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    Federal Panel Backs Approval of PCSK9 Inhibitors to Fight Heart Attacks
    The New York Times
    An expert group recommended that the Food and Drug Administration approve PCSK9 inhibitors, a powerful new drug to protect against cardiovascular disease. If approved, it would be the first in a major new class of medicines in a generation that significantly lower levels of cholesterol, the leading risk factor for heart disease. Dr. Joshua W. Knowles, a Stanford cardiologist, called the medicines "a triumph of the modern genetic revolution."

    Related: FDA Approves Amgen for Cholesterol (The Associated Press via U.S. News & World Report)

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    Advantage of Radial PCI Most Apparent at Extremes of BMI
    TCTMD
    Although the radial approach to PCI is associated with less major bleeding and need for transfusion than femoral access regardless of patients' body mass index (BMI), it is particularly beneficial in those at the low or very high end of the spectrum. The findings, from a large statewide registry, were published online in Catheterization and Cardiovascular Interventions.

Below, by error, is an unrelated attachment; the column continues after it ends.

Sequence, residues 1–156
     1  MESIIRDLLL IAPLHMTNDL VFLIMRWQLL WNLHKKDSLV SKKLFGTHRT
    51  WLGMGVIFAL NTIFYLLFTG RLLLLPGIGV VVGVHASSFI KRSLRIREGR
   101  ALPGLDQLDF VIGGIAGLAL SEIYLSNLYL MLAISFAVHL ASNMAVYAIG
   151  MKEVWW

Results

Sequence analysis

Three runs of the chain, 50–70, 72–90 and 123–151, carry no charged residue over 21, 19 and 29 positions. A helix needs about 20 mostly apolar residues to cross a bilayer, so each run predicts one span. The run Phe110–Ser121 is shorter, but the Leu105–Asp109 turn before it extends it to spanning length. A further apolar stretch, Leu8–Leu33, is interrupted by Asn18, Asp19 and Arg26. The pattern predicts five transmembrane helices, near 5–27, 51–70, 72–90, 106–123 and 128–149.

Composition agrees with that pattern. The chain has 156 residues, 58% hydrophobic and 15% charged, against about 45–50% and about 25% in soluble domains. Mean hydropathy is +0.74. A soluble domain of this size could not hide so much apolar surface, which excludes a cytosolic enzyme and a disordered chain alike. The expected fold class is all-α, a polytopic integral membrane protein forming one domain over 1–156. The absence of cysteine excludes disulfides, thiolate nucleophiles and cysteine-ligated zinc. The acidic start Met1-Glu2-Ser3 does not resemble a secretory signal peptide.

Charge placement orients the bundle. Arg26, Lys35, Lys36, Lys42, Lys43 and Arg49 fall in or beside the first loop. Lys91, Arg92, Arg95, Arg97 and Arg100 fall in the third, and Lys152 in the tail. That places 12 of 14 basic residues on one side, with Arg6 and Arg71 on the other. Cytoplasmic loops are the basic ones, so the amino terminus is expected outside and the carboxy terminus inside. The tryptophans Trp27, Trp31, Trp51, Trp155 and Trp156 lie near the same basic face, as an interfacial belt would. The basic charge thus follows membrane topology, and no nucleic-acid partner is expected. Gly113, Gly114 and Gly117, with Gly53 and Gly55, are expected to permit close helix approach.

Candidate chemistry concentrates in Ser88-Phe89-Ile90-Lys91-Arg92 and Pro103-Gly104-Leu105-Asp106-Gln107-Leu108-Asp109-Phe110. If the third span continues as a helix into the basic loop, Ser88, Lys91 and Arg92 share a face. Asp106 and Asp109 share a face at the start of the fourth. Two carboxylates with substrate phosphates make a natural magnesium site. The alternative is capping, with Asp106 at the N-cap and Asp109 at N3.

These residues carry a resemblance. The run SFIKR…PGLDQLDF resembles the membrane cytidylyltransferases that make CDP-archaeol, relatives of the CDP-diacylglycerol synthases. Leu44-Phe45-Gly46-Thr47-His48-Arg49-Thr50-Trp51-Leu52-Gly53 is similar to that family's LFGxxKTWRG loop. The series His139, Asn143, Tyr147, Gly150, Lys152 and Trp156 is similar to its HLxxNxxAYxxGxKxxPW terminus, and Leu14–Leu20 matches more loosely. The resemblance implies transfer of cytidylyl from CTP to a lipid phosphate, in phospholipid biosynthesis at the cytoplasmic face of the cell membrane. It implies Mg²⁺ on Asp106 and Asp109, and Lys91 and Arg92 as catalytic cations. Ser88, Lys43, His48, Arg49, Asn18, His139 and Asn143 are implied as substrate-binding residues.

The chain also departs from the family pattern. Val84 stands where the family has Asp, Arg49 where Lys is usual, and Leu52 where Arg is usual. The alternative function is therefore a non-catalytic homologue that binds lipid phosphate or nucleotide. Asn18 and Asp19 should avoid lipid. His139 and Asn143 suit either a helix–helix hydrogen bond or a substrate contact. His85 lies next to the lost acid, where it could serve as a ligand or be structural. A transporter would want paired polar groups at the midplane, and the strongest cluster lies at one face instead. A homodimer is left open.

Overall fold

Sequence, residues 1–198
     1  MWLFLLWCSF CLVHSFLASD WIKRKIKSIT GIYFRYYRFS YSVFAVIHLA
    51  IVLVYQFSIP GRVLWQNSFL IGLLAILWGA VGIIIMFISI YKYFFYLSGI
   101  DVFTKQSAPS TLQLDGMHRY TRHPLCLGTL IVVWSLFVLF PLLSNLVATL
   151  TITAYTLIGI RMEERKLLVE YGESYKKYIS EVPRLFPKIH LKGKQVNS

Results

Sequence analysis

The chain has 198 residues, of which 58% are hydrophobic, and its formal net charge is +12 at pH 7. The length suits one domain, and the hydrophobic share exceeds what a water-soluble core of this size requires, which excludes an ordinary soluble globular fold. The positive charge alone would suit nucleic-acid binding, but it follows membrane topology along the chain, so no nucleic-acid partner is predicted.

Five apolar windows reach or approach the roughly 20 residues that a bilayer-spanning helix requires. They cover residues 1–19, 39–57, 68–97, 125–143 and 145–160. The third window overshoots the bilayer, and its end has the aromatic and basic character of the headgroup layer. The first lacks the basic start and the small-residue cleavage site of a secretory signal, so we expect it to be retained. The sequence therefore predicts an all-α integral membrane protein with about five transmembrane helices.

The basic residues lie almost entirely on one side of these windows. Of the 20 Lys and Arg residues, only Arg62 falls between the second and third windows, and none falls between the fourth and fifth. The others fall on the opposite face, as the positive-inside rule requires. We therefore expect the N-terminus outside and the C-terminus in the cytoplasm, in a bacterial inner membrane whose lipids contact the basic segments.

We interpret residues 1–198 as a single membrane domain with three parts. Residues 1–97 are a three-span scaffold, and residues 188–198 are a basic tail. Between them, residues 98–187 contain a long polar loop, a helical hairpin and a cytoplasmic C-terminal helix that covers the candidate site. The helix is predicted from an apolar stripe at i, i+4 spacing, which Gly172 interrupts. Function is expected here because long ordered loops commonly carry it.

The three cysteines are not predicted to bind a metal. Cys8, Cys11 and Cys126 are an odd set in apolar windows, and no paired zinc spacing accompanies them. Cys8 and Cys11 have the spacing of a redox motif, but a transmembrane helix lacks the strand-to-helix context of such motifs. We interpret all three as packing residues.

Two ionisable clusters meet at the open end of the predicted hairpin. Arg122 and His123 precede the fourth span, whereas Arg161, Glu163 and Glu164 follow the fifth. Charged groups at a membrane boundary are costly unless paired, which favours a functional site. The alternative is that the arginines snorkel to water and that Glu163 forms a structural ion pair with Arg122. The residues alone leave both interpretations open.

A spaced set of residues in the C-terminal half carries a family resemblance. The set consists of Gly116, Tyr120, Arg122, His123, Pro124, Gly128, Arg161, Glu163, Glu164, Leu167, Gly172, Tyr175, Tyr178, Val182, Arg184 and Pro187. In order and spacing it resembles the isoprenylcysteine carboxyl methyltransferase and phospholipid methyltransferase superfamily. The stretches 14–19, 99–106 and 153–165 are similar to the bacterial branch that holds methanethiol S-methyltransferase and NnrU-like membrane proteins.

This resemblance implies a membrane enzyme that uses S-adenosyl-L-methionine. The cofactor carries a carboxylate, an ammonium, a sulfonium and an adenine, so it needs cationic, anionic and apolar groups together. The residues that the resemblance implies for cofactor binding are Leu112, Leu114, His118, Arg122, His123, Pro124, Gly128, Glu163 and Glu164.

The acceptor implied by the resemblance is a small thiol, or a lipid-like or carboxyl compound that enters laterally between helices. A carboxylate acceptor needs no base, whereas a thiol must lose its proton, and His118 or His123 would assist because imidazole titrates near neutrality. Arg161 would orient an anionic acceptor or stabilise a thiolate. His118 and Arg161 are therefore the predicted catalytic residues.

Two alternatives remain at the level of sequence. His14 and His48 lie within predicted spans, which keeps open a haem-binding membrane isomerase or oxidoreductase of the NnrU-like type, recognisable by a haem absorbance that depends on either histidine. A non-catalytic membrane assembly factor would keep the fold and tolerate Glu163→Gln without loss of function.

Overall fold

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    Aneurysms Commonly Recur After EVT
    MedPage Today
    The rupture rate more than a decade after endovascular treatment of intracranial aneurysms was very low, but recurrences were relatively common in people whose aneurysms were completely occluded on imaging 3 to 5 years after treatment, researchers reported. In one of the longest, prospective follow-up studies of intracranial aneurysm patients receiving endovascular treatment, the latter was found to be effective for preventing long-term bleeding.
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    Cognitive Impairment After Stroke Equivalent to 8 Years of Aging
    Neurology Advisor
    Having a stroke can produce a drop in brain function equivalent to nearly eight years of aging, according to data published in Stroke. The study, headed by a team from the University of Michigan, sought to determine causes of racial differences in cognitive decline, but found that both black and white adults were impacted the same after incident stroke.